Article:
"I would love to experience the elation, the high, of true manic depression. I keep working, save my money, because I always think I'll dry up and there'll never be another monologue. Fiction and anything outside of myself doesn't save me; I always need to keep having more insights and experiences, feeding the monologues. This past summer was very turbulent: My father died, my therapist died, and as I reached the age my mother was when she killed herself, I kept fantasizing about suicide, as if she were pulling me on to join her. The circumstances were entirely different -- she was a Christian Scientist going through menopause, a woman who'd had shock treatments but didn't believe in medication -- but still, it was a powerful temptation."
The monologue waxes on as we consider how to divert the endless flow with some unpublished information gleaned from sources in the culturati set. During Gray's last visit to Miami for Monster in a Box, he and long-time companion Renee Shafransky -- who has directed some of his pieces and has been featured often in the monologues -- had dinner with a friend of ours, talking openly about how they were trying to have a child by artificial insemination. Shortly afterward Gray reluctantly married Shafransky: "She wanted it, and I thought of marriage as a gift to her." Since then he has fathered a son by another woman. The boy is now seventeen months old; both mother and child accompanied Gray on this particular trip. Gray is momentarily derailed when we ask if being a father saved him from suicide, obviously uncomfortable with real life being introduced without the workings of the monologue process. An awkward moment, and then he focuses in like a laser beam:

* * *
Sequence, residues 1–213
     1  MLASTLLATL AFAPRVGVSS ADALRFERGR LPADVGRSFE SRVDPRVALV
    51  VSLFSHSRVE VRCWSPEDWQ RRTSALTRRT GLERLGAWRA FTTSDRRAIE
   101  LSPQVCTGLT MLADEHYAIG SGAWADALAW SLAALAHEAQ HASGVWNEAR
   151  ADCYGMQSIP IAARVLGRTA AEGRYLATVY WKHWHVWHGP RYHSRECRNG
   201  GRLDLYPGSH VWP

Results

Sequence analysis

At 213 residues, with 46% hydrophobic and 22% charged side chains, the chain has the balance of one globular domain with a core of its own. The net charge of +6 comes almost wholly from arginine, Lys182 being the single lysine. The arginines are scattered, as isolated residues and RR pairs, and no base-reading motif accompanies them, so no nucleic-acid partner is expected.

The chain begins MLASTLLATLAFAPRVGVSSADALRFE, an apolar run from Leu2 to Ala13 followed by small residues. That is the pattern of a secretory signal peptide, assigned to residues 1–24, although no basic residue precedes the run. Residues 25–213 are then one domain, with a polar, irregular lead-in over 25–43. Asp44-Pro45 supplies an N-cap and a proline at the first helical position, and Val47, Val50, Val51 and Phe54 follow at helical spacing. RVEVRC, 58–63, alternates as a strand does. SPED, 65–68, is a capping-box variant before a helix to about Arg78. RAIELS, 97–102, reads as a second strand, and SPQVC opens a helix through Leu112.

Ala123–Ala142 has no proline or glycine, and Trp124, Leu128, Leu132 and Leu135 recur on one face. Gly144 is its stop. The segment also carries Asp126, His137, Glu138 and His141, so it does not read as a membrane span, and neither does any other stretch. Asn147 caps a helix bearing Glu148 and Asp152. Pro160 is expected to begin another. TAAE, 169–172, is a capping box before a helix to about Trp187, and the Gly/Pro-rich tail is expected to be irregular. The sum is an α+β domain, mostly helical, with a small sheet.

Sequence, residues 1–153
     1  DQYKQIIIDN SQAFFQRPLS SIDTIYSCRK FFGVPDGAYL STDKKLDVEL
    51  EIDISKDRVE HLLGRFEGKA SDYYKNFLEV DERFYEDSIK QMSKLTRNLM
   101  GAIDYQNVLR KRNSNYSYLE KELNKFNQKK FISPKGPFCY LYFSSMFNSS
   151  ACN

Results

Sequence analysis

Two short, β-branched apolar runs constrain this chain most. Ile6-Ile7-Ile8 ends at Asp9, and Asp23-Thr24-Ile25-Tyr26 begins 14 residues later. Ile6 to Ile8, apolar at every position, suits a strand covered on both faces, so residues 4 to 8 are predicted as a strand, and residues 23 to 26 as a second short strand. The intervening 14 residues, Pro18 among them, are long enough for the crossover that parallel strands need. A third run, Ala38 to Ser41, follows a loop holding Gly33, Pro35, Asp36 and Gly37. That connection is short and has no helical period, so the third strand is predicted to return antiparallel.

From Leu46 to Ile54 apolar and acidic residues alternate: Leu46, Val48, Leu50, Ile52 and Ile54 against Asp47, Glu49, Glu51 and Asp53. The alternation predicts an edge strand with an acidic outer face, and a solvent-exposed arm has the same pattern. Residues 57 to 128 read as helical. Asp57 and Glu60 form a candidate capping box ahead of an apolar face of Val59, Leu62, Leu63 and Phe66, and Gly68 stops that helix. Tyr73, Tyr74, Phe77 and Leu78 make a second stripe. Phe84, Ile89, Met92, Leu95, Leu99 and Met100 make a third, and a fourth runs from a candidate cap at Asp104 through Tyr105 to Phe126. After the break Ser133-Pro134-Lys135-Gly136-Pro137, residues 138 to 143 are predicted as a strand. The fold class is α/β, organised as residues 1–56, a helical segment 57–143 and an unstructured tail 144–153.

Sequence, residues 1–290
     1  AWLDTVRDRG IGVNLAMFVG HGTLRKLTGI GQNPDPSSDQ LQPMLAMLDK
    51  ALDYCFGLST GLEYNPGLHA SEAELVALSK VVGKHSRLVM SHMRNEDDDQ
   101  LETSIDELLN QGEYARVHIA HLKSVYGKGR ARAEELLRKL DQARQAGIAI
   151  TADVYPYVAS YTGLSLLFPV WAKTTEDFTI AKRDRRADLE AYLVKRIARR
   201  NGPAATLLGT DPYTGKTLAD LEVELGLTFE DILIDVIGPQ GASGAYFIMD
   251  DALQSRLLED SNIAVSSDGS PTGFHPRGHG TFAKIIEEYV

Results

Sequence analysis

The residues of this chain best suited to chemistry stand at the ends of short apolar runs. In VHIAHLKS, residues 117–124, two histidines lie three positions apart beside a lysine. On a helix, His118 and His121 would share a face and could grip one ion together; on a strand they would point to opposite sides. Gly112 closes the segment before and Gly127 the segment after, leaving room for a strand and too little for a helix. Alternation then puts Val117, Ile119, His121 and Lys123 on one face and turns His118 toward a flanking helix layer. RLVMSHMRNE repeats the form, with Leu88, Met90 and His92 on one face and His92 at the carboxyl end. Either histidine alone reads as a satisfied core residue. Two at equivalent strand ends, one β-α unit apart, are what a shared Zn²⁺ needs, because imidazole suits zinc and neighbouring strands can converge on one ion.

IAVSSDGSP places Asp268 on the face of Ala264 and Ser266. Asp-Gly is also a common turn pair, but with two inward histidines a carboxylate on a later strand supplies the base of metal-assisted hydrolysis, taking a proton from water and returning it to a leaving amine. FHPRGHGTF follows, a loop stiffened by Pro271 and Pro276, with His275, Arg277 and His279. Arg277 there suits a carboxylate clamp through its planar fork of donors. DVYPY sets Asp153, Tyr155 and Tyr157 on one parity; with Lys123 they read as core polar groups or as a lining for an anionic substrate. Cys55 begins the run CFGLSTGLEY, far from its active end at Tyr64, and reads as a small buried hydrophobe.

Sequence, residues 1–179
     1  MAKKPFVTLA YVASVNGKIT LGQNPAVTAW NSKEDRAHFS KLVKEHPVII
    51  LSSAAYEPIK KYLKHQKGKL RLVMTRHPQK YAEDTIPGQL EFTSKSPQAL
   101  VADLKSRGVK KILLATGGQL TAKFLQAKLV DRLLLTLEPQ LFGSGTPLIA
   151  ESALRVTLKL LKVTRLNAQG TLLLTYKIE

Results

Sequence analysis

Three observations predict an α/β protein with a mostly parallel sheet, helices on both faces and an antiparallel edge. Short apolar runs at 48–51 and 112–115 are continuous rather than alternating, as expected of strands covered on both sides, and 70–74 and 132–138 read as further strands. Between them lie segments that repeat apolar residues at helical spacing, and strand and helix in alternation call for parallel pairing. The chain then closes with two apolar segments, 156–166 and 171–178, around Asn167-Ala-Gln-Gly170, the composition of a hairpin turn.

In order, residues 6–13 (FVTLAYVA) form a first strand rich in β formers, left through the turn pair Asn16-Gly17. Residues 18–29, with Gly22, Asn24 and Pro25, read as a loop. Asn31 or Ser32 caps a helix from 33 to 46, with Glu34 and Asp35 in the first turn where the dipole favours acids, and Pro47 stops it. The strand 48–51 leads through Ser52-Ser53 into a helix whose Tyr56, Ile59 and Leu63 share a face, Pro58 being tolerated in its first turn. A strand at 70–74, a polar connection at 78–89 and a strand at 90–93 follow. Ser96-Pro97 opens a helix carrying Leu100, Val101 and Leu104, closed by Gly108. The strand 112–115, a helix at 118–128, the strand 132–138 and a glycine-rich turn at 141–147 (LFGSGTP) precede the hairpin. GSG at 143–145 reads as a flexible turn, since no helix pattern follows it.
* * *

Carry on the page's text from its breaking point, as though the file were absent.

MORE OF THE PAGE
"Being a father was part of not killing myself. I flipped out at first, couldn't even see the baby. It's a pretty sordid soap opera, obviously, with him in the star role. Renee and I still work together, but we've separated and don't live together any more. My therapist, strangely enough, could always see the child in me, and actually called me by my son's name sometimes. He was a great believer in transference therapy, and kept insisting I could have both women and the child. But of course he was European.
"My son has become an Oz to me, a combination of the angelic and devilish, and I see myself in him completely. As a bonding experience, I took him out to my country house by myself, having my first bloody mary, him playing at my feet like a dog. And then I was on the floor with him, and five hours went by, letting him take peas out of my mouth like a mother bird. Then that instinctive straight arm, that pushing away of his father, and I thought to myself, 'Good for you.' Incredible. Maybe my next monologue will be about fatherhood."